Dental Plans for the New Millennium

• Luc Dugal, DMD •

J Can Dent Assoc 2000; 66:188-90


 

What lies ahead for dentists and their patients in the area of dental benefits? Let us first examine what has been the status quo in dental plan design. There are two basic categories of fee-for-service dental plans in Canada. The more common group is called defined benefits although it is much better known by its misnomer “dental insurance”. Plan design is based on defining the benefits that are covered as well as the conditions and restrictions under which they are covered. The second but less familiar method is called defined contribution. Direct reimbursement is the basic building block of defined contribution dental plans. This concept requires only that a plan sponsor choose a yearly limit for coverage per plan subscriber per year along with some type of co-payment arrangement. There is no secret formula or hidden fine print in the contract, no need for actuarial tables or complicated mathematical calculations. The beauty of defined contribution is its sheer simplicity.

Dental Insurance Anyone?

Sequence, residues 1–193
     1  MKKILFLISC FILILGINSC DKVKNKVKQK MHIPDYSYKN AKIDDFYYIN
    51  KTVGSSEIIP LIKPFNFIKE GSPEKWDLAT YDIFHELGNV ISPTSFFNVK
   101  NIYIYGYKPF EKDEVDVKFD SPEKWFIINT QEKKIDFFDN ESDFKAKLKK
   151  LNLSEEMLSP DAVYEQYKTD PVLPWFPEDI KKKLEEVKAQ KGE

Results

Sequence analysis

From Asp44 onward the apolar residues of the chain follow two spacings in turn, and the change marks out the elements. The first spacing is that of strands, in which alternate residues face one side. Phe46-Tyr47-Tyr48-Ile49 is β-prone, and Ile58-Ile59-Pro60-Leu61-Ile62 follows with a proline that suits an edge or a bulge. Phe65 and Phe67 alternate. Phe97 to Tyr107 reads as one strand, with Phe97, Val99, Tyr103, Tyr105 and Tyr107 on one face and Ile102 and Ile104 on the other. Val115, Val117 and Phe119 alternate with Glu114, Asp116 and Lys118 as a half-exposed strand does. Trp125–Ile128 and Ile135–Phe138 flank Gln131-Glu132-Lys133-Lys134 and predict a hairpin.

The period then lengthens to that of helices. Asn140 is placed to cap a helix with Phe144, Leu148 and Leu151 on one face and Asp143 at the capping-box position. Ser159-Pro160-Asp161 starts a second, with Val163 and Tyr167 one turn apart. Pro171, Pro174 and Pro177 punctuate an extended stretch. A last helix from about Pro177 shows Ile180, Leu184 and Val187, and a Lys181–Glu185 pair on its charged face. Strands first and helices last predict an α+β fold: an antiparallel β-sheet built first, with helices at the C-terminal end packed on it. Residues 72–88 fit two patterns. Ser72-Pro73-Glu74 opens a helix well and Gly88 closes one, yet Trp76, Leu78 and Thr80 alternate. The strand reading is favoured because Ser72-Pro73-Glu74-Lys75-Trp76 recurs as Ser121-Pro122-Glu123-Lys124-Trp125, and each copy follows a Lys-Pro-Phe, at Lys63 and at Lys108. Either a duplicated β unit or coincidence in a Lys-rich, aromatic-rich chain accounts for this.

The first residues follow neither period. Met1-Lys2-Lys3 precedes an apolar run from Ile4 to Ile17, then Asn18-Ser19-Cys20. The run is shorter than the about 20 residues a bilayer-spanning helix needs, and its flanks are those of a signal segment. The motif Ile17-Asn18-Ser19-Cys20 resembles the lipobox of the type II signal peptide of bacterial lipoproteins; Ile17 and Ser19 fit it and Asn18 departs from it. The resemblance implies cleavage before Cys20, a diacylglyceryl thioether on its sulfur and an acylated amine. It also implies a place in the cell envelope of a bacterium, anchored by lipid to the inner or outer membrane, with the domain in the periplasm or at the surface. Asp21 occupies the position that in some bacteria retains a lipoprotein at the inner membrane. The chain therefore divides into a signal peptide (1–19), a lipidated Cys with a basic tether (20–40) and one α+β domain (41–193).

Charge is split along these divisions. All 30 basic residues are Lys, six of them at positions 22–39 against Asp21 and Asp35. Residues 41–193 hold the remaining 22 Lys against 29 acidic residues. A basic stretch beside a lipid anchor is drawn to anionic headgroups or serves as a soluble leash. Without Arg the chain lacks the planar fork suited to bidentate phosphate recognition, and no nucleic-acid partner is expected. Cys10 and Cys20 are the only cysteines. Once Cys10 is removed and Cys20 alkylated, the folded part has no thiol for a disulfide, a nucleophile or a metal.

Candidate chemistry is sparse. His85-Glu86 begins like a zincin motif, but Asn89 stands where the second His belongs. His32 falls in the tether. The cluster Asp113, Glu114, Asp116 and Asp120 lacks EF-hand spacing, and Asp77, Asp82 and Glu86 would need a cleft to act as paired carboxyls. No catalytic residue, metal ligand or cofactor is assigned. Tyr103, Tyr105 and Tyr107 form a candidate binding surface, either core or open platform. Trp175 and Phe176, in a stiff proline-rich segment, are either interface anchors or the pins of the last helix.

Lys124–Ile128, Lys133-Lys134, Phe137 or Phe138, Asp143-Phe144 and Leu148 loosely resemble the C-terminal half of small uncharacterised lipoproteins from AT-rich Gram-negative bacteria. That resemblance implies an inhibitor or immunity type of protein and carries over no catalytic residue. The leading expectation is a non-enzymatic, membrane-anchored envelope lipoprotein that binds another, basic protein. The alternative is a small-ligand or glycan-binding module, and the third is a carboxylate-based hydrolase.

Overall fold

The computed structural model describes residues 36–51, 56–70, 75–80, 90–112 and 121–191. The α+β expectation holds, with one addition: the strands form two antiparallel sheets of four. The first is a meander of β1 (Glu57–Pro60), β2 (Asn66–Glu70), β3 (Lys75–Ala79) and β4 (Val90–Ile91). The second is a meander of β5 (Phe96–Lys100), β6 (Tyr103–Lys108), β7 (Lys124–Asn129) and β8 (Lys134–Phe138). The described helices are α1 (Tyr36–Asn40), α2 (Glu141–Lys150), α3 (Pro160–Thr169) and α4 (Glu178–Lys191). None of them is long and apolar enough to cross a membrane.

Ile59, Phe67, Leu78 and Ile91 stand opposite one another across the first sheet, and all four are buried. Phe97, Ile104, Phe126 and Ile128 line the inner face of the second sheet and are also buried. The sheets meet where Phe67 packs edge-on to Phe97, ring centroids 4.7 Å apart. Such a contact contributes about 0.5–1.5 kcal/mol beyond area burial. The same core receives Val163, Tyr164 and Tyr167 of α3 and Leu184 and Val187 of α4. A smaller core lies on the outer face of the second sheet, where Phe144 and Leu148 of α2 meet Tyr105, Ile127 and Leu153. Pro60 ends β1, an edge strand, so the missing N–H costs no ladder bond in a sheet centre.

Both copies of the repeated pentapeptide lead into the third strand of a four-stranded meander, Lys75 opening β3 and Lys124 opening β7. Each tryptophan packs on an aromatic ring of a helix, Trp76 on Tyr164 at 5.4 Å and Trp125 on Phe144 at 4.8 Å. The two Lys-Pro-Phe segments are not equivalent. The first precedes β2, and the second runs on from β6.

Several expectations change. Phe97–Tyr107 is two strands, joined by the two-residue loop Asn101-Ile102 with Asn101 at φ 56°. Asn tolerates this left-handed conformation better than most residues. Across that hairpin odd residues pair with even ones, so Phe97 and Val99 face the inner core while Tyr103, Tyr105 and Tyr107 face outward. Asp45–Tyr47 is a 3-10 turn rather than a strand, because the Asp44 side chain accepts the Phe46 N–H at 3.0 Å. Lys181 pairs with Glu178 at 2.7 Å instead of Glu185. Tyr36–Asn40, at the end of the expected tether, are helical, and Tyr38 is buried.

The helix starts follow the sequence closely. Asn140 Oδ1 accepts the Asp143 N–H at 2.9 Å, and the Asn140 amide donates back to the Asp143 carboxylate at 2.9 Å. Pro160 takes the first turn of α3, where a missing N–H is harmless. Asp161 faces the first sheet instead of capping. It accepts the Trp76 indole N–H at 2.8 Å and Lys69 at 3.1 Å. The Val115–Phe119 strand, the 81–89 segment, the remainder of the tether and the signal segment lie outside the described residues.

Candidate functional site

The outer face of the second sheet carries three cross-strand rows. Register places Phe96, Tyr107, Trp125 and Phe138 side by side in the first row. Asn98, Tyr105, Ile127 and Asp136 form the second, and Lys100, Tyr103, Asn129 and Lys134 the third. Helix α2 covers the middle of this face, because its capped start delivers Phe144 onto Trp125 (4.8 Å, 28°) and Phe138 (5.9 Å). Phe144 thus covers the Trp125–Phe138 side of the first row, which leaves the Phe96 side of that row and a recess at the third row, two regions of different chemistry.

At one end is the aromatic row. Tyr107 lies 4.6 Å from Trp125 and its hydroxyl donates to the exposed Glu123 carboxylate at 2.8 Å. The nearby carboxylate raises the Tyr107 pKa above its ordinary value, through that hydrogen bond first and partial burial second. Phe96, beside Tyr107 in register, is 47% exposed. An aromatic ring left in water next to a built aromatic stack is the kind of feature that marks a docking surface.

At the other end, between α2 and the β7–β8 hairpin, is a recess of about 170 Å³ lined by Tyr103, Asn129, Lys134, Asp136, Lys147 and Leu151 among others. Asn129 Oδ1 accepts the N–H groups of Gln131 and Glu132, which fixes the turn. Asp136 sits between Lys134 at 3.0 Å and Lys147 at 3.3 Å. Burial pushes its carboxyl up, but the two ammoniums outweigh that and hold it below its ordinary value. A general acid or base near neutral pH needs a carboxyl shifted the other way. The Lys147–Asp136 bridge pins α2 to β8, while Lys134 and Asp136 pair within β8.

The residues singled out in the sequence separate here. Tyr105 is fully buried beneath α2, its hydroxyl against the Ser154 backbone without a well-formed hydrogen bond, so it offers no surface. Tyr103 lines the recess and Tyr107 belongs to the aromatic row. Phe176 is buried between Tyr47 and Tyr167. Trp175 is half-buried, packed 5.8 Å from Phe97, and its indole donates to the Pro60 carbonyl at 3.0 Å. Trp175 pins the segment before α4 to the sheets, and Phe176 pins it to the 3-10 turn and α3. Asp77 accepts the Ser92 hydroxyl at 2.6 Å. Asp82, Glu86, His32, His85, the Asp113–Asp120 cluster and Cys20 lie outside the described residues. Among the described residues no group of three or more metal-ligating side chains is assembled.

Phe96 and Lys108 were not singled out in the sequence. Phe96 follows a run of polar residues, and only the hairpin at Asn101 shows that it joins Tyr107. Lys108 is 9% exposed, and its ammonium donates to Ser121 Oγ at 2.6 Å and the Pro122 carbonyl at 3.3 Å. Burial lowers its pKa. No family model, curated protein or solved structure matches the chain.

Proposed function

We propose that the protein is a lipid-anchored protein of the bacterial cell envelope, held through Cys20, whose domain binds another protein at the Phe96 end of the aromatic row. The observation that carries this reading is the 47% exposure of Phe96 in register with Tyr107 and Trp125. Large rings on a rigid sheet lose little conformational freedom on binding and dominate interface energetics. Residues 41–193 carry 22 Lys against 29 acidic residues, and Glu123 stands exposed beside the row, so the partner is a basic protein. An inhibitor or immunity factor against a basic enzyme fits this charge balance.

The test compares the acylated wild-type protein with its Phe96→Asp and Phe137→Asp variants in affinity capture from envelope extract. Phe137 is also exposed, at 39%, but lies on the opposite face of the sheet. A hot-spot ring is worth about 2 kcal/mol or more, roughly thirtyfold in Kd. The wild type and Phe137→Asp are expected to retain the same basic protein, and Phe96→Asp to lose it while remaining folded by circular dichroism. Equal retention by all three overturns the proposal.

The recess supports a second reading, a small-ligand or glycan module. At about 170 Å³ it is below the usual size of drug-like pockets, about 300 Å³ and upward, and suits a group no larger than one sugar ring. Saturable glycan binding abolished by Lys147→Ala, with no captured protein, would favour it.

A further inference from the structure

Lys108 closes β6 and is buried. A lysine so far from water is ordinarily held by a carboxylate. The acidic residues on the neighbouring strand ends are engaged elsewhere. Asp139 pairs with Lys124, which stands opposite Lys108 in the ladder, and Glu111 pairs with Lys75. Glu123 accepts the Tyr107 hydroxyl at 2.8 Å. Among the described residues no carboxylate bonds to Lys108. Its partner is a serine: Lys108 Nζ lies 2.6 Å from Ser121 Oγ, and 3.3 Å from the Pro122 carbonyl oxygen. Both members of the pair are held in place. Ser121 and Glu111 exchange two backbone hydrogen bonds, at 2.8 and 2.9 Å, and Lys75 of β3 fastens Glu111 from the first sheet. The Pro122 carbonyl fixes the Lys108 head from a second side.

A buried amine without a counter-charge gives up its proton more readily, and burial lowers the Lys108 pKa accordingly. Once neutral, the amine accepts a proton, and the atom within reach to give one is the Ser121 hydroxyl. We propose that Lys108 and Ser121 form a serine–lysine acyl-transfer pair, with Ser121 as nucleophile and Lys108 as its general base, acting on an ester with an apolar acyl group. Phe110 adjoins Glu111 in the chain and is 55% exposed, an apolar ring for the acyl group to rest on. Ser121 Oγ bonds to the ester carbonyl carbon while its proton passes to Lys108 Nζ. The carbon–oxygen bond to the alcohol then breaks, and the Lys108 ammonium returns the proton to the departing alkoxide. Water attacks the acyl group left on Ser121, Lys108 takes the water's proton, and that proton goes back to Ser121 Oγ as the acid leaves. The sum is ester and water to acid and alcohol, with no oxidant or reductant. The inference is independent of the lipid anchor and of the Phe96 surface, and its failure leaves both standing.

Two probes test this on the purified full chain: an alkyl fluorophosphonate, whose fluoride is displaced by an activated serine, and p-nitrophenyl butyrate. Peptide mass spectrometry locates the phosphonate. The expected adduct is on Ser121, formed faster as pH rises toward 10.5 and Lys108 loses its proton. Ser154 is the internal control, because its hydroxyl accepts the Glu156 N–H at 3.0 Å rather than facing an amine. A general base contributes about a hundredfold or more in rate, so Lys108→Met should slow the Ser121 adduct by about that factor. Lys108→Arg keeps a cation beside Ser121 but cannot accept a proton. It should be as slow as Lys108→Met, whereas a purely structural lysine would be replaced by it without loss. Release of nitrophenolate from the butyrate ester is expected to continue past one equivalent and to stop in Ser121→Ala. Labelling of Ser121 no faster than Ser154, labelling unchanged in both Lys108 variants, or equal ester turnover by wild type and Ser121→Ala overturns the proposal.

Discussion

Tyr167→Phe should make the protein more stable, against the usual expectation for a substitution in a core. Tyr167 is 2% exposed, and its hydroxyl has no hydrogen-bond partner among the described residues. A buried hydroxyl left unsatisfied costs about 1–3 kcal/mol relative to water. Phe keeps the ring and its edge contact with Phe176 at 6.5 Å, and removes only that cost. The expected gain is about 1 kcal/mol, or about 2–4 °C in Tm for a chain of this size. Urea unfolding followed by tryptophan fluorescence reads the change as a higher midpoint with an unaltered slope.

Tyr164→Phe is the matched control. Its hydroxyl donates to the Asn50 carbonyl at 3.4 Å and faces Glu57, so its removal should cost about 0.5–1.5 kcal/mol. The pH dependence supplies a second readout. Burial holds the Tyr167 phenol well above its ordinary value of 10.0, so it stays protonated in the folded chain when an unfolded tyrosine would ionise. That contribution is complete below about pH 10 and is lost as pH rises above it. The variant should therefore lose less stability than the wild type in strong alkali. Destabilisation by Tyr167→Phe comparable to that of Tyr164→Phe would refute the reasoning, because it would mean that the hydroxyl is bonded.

Dental plans were never intended to provide insurance against the probability of requiring dental treatment. Due to dentistry’s predominant emphasis on prevention and the nature of dental treatment which can be considered any thing but catastrophic, dental treatment costs tend not to be prone to volatile fluctuations. When one combines cost predictability with the tax-exempt status granted by government, dental plans are ideally suited to provide employers with a vehicle to prepay for quality dental care for their employees. Unfortunately, since dental plans were sold initially almost exclusively by insurance companies and purchased by employers as part of an employee insurance package, they were soon labeled as just another type of insurance. This insurance mentality was further enhanced by the fact that until some reliable database could be established, most plan purchasers chose to include some sort of insurance protection against cost overruns in their plans. These plans are called indemnity or insured dental plans. The idea that dental plans were a form of insurance went unchallenged for years and was even reinforced on a daily basis through the constant use of the term dental insurance in conversations and discussions with patients in the dental office. This notion has played an important role in the lackluster acceptance of the defined contribution concept.